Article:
If such objectives are met or exceeded, the investors should receive their principal plus a return on investment that can be structured through regular payments (to match particular performance hurdles, i.e. annually) or with final repayment of the principal (similar to a zero coupon bond). Failure to meet the environmental outcomes sought may mean a reduced return.
It’s possible there could be no repayment (akin to default by the bond issuer).
As a result, the performance metric factored into the EIB will be crucial in allocating an appropriate level of risk between issuer and investor. A benchmark that is too low runs the risk of achieving mediocre environmental results and a sub-optimal ‘value for money’ outcome for Government, whilst one that is too high exposes investors to a disproportionate risk of loss (relative to the proposed gain). However, because the measurement of environmental outcomes has the capacity for rigorous and objective analysis, there is potential for more verifiable results. This should, in theory, provide greater transparency to investors.
Because the returns to investors are dependent on outcomes of the environmental project, EIBs may involve an increased level of risk beyond those of traditional corporate debt instruments (which rely solely on the creditworthiness of the borrower). In that respect, EIBs share some characteristics with equities or hybrid investments, in that returns depend not only on the capacity of the borrower to repay but the attainment of specific project goals. Because of this heightened risk, additional governance arrangements may be required to ensure independent monitoring. In the early stages of market development, some level of government guarantee or support may also be required to reduce the level of capital loss to which investors are exposed.
However, provided that measurement of deliverables is transparent, not overly complex, and includes appropriate reward relative to the risk, an EIB offers an attractive option to a socially responsible mandate seeking to make a demonstrable difference to the Australian environment.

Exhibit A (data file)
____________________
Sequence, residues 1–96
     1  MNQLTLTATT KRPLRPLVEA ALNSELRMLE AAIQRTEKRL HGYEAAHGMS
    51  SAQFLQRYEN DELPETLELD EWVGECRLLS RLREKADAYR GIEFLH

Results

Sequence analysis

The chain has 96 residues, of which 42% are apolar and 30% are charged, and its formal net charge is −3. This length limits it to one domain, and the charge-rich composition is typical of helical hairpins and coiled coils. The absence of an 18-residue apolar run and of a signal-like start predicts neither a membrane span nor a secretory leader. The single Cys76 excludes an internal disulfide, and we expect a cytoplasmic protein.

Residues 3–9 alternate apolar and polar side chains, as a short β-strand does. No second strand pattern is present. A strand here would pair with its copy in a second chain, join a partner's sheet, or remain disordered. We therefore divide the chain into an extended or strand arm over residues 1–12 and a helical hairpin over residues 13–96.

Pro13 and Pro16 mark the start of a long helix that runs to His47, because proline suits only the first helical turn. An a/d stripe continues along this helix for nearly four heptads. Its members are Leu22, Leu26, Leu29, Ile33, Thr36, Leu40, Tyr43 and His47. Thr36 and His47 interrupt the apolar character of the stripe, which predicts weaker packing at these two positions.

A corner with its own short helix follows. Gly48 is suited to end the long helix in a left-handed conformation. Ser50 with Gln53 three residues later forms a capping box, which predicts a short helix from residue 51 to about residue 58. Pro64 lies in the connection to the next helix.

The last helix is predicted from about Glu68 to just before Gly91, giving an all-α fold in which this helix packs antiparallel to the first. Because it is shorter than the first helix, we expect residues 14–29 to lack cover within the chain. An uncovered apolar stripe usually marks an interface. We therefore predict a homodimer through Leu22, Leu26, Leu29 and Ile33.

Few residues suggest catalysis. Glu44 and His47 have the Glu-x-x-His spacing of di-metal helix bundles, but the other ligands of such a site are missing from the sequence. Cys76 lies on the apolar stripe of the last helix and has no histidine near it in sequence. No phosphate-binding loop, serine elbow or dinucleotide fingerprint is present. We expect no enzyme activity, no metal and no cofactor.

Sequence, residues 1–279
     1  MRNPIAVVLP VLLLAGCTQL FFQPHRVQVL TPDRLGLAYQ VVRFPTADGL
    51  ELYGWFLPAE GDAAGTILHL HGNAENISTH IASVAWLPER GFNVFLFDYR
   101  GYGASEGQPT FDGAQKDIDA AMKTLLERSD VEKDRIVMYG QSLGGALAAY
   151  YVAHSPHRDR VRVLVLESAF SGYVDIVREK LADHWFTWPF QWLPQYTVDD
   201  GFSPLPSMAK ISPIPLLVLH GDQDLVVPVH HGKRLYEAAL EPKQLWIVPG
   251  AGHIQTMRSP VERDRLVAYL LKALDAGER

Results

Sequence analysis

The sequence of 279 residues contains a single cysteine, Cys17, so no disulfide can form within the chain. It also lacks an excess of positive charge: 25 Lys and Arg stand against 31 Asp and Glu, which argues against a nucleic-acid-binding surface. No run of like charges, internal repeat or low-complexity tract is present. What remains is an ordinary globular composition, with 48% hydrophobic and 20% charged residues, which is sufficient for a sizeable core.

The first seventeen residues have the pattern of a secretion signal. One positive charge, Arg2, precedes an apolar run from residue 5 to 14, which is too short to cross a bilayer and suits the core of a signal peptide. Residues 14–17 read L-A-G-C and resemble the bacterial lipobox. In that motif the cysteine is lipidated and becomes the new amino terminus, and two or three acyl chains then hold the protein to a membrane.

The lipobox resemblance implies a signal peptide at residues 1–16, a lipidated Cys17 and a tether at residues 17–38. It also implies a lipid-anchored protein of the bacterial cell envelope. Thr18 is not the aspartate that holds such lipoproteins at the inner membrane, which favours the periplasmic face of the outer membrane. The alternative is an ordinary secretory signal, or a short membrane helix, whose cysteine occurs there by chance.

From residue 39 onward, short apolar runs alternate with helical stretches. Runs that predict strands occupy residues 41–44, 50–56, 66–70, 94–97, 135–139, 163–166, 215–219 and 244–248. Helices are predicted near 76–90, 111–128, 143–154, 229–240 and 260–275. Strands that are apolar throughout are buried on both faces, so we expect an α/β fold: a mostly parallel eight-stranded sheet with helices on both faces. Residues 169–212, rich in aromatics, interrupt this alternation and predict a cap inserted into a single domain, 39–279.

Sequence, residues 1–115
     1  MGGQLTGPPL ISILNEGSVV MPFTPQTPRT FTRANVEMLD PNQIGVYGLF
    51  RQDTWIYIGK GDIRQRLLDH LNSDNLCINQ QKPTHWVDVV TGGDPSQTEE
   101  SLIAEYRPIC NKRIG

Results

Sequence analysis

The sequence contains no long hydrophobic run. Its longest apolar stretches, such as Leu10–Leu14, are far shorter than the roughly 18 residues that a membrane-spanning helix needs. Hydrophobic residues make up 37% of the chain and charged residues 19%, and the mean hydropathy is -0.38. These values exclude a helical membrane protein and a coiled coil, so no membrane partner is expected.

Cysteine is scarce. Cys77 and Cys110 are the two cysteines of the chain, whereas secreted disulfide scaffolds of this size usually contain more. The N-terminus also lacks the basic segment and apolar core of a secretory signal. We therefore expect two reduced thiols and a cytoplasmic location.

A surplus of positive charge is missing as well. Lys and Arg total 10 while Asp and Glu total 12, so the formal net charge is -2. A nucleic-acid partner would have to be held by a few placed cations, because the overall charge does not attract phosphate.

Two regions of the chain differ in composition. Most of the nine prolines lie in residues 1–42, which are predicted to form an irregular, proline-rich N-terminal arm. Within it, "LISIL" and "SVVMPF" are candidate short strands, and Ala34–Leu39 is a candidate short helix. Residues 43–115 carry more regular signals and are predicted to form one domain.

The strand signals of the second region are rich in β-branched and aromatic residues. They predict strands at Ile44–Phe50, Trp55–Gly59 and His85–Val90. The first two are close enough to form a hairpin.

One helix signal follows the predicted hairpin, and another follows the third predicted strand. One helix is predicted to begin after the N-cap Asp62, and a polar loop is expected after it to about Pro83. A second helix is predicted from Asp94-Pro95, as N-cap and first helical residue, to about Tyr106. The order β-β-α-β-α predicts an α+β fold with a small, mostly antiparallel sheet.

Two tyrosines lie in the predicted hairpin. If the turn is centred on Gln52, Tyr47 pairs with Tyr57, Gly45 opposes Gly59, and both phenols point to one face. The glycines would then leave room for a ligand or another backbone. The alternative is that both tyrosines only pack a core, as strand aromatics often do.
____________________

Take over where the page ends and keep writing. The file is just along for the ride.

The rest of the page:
For philanthropic investors, it also offers an alternative to providing grants or making donations, as an EIB offers a return on investment that can be recycled (rather than a one-off capital outlay). Because environmental gains can take some time to realise, they may also be suited to investors with a long-term (5-10 years) investment horizon. Those willing to do so can play a significant role in developing sustainable frameworks with lasting outcomes, and reap the benefits from not only a financial reward, but a cleaner, more sustainable, environment.
 A potential issue earlier identified by Jessica Freireich and Katherine Fulton in their paper Investing for Social and Environmental Impact: A Design for Catalyzing an Emerging Industry, published by the Monitor Institute, January 2009.
 We also note the Commonwealth Government recently updated (as of May 2016) the Private Ancillary Fund Guidelines 2009 (Cth) and the Private Ancillary Fund Guidelines 2011 (Cth), to provide further guidance to trustees in determining how to treat social impact investment returns.